Thursday, June 30, 2005

Everyone is talking about Kalma, Darfur’s biggest camp. It is bursting at the seams with hundreds of thousands of displaced families squashed into a long, narrow strip of land that runs for about 7kms alongside South Darfur’s train tracks...previous head counts suggest there are about 100,000 living here, but recent re-re-registrations (why the hell can no one ever seem to run a successful registration campaign? Is it really that hard to count people? GEEZ!) claim there are over a quarter of a million souls in here.

At least 25,000 of those living at Kalma are supposed to move: there is no doubt the camp is too full and that there is a (very real) risk of flooding to the low-lying areas now that the rains have started. But everyone knows that real reason behind the relocation issue is the Sudanese government’s mission to break up this monster camp and intimidate its inhabitants, who it suspects of sheltering anti-government rebels in its midst.

Unfortunately NO ONE is willing to leave the relative safety-in-numbers of Kalma and start walking to Al Salam, the new camp that is only a few kilometres down the road. Aid workers who walk around the camp to explain the option of the move (especially to those people whose houses are already flooding away) receive a mixed response of outrage and complete and utter disbelief. Lots of headshaking, accompanied by, "You know, if you didn't have these khawaja (foreigners) walking around with you, we would beat you right now."

The worries about insecurity at the new site are not exactly a figment of the overactive imagination either: aid workers prepping the area for the expected relocation have had guns pointed at their heads, while some of the local labourers digging latrines and boreholes have been killed, robbed and beaten on their way out there. (This, incidentally, is always the kind of thing the drivers like telling you when you are driving back from visiting a place like Al Salam…better after than before I suppose…)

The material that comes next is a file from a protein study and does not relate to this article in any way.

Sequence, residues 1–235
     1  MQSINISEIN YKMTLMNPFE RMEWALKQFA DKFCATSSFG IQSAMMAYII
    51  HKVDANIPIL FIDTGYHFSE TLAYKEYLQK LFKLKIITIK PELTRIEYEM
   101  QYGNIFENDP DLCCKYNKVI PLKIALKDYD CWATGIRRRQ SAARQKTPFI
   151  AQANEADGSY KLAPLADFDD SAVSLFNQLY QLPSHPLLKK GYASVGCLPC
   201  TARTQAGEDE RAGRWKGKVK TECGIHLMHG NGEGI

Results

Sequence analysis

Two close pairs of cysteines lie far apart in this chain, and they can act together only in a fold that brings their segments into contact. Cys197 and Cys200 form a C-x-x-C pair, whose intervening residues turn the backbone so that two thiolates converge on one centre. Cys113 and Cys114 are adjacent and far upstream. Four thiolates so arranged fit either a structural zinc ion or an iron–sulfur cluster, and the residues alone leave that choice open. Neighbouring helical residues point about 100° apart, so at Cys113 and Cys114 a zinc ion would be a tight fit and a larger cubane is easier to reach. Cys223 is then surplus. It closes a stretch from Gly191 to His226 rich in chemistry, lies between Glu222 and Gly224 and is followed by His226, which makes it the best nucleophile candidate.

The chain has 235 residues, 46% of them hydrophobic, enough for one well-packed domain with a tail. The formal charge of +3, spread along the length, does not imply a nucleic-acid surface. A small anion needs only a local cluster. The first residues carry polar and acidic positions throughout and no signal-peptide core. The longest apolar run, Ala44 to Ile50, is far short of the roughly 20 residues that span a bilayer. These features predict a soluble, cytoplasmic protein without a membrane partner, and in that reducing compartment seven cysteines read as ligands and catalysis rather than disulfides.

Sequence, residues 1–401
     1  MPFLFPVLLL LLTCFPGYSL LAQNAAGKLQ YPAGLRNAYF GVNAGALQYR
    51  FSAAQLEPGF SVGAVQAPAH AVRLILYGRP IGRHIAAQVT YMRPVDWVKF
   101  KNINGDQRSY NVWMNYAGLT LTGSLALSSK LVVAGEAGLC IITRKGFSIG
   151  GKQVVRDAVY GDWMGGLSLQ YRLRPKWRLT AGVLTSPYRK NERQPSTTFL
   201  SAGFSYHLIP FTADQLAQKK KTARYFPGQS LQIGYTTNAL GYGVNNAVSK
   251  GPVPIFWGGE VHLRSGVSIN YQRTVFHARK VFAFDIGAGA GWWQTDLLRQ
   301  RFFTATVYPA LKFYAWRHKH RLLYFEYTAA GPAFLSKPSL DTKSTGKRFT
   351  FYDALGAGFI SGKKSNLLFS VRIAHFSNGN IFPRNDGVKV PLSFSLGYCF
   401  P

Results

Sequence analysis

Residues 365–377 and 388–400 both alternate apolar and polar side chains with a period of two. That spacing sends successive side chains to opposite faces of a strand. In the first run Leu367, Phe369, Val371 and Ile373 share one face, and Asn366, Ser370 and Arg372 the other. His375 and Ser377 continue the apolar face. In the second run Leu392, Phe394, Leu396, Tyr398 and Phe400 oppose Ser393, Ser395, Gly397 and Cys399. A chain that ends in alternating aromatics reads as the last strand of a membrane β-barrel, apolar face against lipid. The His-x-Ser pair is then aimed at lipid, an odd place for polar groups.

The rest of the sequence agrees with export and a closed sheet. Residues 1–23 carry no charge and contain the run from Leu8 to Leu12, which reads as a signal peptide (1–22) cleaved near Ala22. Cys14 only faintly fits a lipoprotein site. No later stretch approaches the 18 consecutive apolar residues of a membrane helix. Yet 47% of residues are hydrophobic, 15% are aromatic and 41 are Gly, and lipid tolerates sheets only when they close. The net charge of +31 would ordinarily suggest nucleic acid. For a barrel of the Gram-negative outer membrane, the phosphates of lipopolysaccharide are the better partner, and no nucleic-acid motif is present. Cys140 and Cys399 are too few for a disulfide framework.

Everyone is expecting something sinister to happen any day now: will Kalma be flooded? Will people scatter out of their shelters and across the railroad tracks into an area where irate, gun-toting landowners are ready at their triggers to turn them back? Will those who scamper onto the higher-lying areas across the wadi be completely cut off from food aid and other NGO services?

To make it all a bit more reassuring, the governor has announced that he will bulldoze down the entire camp in seven days if no one begins to relocate (the best part about this deadline is that no one is exactly sure to which date is refers, so it could be tomorrow, it could be next week.) I wonder how on earth he is planning to march some 100,000 - 200,000 people who are a.) terrified b.) pissed off c.) confused or d.) all of the above across half a dozen kilometres of rocky desert to their new ‘homes’? And what if they refuse? To say it could get messy would be a bit of an understatement.

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At , Blogger Dharma Bum said...

Don't stop writing. My best friend was country director for an aid organization in the Sudan until about 16-months ago. His stories were surreal and powerful. I lost my brother to suicide, and kept some sense of perspective by opening up his emails and reading about what is going on there.

Keep up the work and don't lose faith. But, be true to yourself first and foremost and keep sane.

Dharma Bum


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